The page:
List Al Jazeera as 'foreign agent': US senators to Trump admintext_fields
Washington: A group of influential US lawmakers has urged the Trump administration to get Al Jazeera listed as a "foreign agent", saying the state-owned media company of Qatar has "inherently engaged" in political activities and sought to influence public opinion in America.
The US requires all agencies, individuals and organisations controlled or funded by international governments to be registered with the Department of Justice under the Foreign Agents Registration Act (FARA) which aims to restrict the spread of propaganda inside America.
In a letter to the justice department, nine powerful Republican Senators sought information on any steps taken to determine whether the popular television news network from the Middle East should be registered as a "foreign agent".
In the past, China's state-run Xinhua news agency and Russian television Russia Today (RT) have been asked to register as an agent of foreign government by the justice department.
International media outlets registered in the US as agents of foreign governments include RT, China Daily, NHK Cosmomedia, and KBS Korean Broadcasting System.
"Qatar's officials have said that government-controlled media is a form of 'soft power'. As such, one can reasonably infer that Al Jazeera is a messaging tool for the Qatari government and on its behalf has engaged in inherently political activities and sought to influence public opinion in the United States," the lawmakers wrote.
"When the available evidence is taken as a whole, it appears that Al Jazeera's broadcasts, including AJ+, mirror the policies and preferences of the Qatari government, which, together with the state funding and other indicia of agency, demonstrate that Al Jazeera and its media subsidiaries act as alter egos of the Qatari government in ensuring dissemination of the government's viewpoints," they said.
The signatories include Senators Tom Cotton, Chuck Grassley, John Cornyn, Todd Young, Marco Rubio and Ted Cruz, and Representatives Mike Johnson and Lee Zeldin.
The justice department recently required international broadcasters of Russian-owned RTTV America to register under the law as well as Chinese government-owned media outlets Xinhua and China Global Television Network.
The lawmakers alleged that news articles have reported activities in which Al Jazeera Media Network is engaged that raise legitimate questions about whether it should register as a foreign agent.
In a statement, the Al Jazeera Media Network said the network, its channels and its platforms, including AJ+, operate with editorial independence while receiving public funding and, in this respect, are similar to most global media organisations, including the BBC, CBC, and Deutsche Welle.
AJMN is a Private Foundation for Public Benefit under Qatari law; it is not owned by Qatar, and its reporting is not directed or controlled by the Qatari government nor does it reflect any government viewpoint. Therefore, FARA registration is not required, it said.
"Specifically with regard to AJ+, AJ+ English is based in the US, and its young, diverse staff, none of whom are Qataris, develop the AJ+ content and report to US-based managers," it added.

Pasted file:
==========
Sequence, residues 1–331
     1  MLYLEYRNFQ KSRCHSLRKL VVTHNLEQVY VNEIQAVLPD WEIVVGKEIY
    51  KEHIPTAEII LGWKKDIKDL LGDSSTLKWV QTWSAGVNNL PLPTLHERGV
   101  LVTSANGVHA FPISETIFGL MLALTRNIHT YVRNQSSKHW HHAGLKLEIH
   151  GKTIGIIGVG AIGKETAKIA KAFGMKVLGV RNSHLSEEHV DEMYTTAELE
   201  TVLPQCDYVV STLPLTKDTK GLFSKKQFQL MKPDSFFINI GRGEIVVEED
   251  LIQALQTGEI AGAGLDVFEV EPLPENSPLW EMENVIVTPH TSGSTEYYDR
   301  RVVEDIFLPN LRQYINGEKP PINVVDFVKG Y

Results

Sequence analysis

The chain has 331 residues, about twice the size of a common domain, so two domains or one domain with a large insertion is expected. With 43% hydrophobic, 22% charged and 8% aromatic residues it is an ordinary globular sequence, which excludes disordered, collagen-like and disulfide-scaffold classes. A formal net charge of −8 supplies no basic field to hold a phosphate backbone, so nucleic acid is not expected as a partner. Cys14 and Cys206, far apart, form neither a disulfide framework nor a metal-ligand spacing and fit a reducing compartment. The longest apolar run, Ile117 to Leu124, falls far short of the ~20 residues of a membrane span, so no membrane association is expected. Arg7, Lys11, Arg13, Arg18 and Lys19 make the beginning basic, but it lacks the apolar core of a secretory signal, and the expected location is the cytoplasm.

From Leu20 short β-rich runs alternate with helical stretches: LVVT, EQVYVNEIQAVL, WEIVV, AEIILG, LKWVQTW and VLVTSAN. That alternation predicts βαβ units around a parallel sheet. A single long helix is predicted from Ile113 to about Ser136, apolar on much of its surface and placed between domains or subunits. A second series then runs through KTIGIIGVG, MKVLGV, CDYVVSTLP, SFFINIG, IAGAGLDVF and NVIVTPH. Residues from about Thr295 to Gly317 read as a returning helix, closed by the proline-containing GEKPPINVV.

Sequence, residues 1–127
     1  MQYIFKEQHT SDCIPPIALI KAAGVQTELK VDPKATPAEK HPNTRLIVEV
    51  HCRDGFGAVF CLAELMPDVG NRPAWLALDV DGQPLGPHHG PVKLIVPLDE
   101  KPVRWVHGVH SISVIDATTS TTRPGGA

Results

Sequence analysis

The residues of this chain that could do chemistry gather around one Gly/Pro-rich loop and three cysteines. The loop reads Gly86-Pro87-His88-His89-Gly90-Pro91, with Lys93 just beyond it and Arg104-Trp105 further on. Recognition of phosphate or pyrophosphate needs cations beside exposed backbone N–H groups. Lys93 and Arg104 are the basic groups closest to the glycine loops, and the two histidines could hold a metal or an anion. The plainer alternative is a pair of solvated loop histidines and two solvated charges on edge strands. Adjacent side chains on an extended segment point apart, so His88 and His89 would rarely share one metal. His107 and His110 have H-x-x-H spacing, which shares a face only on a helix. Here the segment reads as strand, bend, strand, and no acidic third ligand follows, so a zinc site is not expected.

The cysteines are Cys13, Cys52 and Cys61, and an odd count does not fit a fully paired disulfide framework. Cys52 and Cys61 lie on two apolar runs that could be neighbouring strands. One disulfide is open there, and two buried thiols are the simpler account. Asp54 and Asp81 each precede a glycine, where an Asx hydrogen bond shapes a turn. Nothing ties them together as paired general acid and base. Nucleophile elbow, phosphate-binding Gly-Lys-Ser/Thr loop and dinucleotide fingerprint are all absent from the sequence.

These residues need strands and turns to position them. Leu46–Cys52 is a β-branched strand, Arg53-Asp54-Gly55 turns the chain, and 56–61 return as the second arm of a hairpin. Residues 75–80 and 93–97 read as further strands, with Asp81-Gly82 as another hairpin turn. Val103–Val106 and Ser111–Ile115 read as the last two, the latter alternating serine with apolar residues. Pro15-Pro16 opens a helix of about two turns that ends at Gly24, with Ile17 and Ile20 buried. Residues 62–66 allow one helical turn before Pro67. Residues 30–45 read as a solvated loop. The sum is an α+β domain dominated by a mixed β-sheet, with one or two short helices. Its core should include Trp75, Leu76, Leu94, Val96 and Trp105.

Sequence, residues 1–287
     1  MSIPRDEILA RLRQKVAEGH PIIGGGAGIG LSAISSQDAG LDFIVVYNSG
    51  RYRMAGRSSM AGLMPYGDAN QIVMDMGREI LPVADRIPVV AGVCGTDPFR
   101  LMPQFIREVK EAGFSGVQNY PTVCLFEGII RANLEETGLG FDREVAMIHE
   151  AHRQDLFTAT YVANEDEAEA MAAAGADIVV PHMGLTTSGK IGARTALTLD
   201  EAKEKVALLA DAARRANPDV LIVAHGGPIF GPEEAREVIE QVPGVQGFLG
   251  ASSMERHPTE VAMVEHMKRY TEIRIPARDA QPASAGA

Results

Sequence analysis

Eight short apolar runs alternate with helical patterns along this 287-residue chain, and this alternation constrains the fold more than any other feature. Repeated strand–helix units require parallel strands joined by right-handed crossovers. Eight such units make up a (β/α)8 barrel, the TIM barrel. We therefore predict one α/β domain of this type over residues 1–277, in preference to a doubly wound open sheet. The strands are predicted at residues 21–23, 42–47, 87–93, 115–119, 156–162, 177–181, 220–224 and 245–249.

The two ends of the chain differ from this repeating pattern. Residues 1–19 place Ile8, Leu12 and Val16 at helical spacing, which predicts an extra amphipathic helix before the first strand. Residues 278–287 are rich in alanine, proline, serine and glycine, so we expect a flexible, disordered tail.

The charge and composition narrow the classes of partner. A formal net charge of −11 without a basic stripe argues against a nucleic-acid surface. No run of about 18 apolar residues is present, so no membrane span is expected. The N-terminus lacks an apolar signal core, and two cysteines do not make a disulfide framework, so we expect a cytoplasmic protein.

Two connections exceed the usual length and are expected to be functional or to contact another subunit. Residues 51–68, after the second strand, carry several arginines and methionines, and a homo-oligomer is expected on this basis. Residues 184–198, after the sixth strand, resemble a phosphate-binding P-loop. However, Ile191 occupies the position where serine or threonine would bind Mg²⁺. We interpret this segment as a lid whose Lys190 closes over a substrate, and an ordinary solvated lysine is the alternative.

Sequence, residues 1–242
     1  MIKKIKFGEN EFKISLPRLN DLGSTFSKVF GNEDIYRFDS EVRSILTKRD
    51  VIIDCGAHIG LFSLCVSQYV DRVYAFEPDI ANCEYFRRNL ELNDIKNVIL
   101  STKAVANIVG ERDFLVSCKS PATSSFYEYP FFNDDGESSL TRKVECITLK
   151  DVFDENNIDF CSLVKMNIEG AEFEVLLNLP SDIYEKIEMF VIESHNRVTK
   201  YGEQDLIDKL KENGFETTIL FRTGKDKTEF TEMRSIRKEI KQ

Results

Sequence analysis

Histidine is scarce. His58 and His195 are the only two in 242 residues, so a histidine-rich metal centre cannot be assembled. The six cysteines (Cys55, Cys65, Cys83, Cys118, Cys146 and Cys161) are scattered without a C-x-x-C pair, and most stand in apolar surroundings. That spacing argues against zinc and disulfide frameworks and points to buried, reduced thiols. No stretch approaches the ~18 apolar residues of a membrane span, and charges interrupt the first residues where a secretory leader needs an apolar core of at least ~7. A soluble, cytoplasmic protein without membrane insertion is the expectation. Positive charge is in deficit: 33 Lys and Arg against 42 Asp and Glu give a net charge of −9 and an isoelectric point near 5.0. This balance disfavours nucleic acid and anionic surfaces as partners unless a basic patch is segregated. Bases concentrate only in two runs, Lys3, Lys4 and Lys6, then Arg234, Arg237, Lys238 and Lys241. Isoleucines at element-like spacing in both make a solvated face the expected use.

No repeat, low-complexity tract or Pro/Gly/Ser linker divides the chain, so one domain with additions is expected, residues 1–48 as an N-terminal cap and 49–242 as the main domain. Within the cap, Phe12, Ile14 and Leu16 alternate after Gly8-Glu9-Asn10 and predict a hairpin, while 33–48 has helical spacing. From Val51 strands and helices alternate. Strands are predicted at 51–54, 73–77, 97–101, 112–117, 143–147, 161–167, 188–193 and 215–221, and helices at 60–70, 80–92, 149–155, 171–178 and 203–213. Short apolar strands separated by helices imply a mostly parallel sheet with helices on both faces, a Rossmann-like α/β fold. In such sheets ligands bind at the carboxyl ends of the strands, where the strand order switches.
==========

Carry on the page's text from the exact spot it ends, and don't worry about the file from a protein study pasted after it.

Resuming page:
The AJ+ English content, at times, runs counter to societal norms and policies of Qatar, or is critical of Qatar, precisely because the platform is independent and audience-driven, the statement said.
As of May 2019, AJ+ had 11.1 million cumulative followers and subscribers on Facebook. In that same month, AJ+ was the fortieth ranked "overall creator" of content cross-platform.
By comparison, in May 2019 the Washington Post had 6.3 million cumulative followers and subscribers on Facebook and was the one-hundredth ranked "overall creator" of content cross-platform. Clearly, Al Jazeera has established and is building a significant reach within the US, they said.
Al Jazeera's videos on YouTube are stamped with the disclaimer, "Al Jazeera is funded in whole or in part by the Qatari government." Thus, Al Jazeera is not only a foreign principal but it is also owned by a foreign principal - the government of Qatar, the letter said.
Given that members of the ruling family are in charge of managing the media network, it is more likely than not that the government can and will assert editorial control over media content, they said.
"There is evidence that this is the case. The network frequently features content promoting the apparent policy priorities of its owner," the lawmakers alleged.
News articles have reported that Al Jazeera "conducted a months-long spy operation on a slew of American pro-Israel officials" for a documentary on alleged Jewish influence on the US government, the lawmakers alleged.
According to the Congressmen, Al Jazeera seemingly operating as an agent of the Qatari government, its potential obligation to register under FARA may be triggered by two other provisions in the statute.
First, because it produces and distributes content and secures access within the US, it has arguably "engage[d] directly or indirectly in the... dissemination of... broadcasts," and therefore may have served as a "publicity agent".
Second, because its programming concerned "conditions" of a foreign government or "foreign country," including but not limited to Qatar, Al Jazeera may have served as an "information-service employee" by "furnishing, disseminating, or publishing" its programs, they added.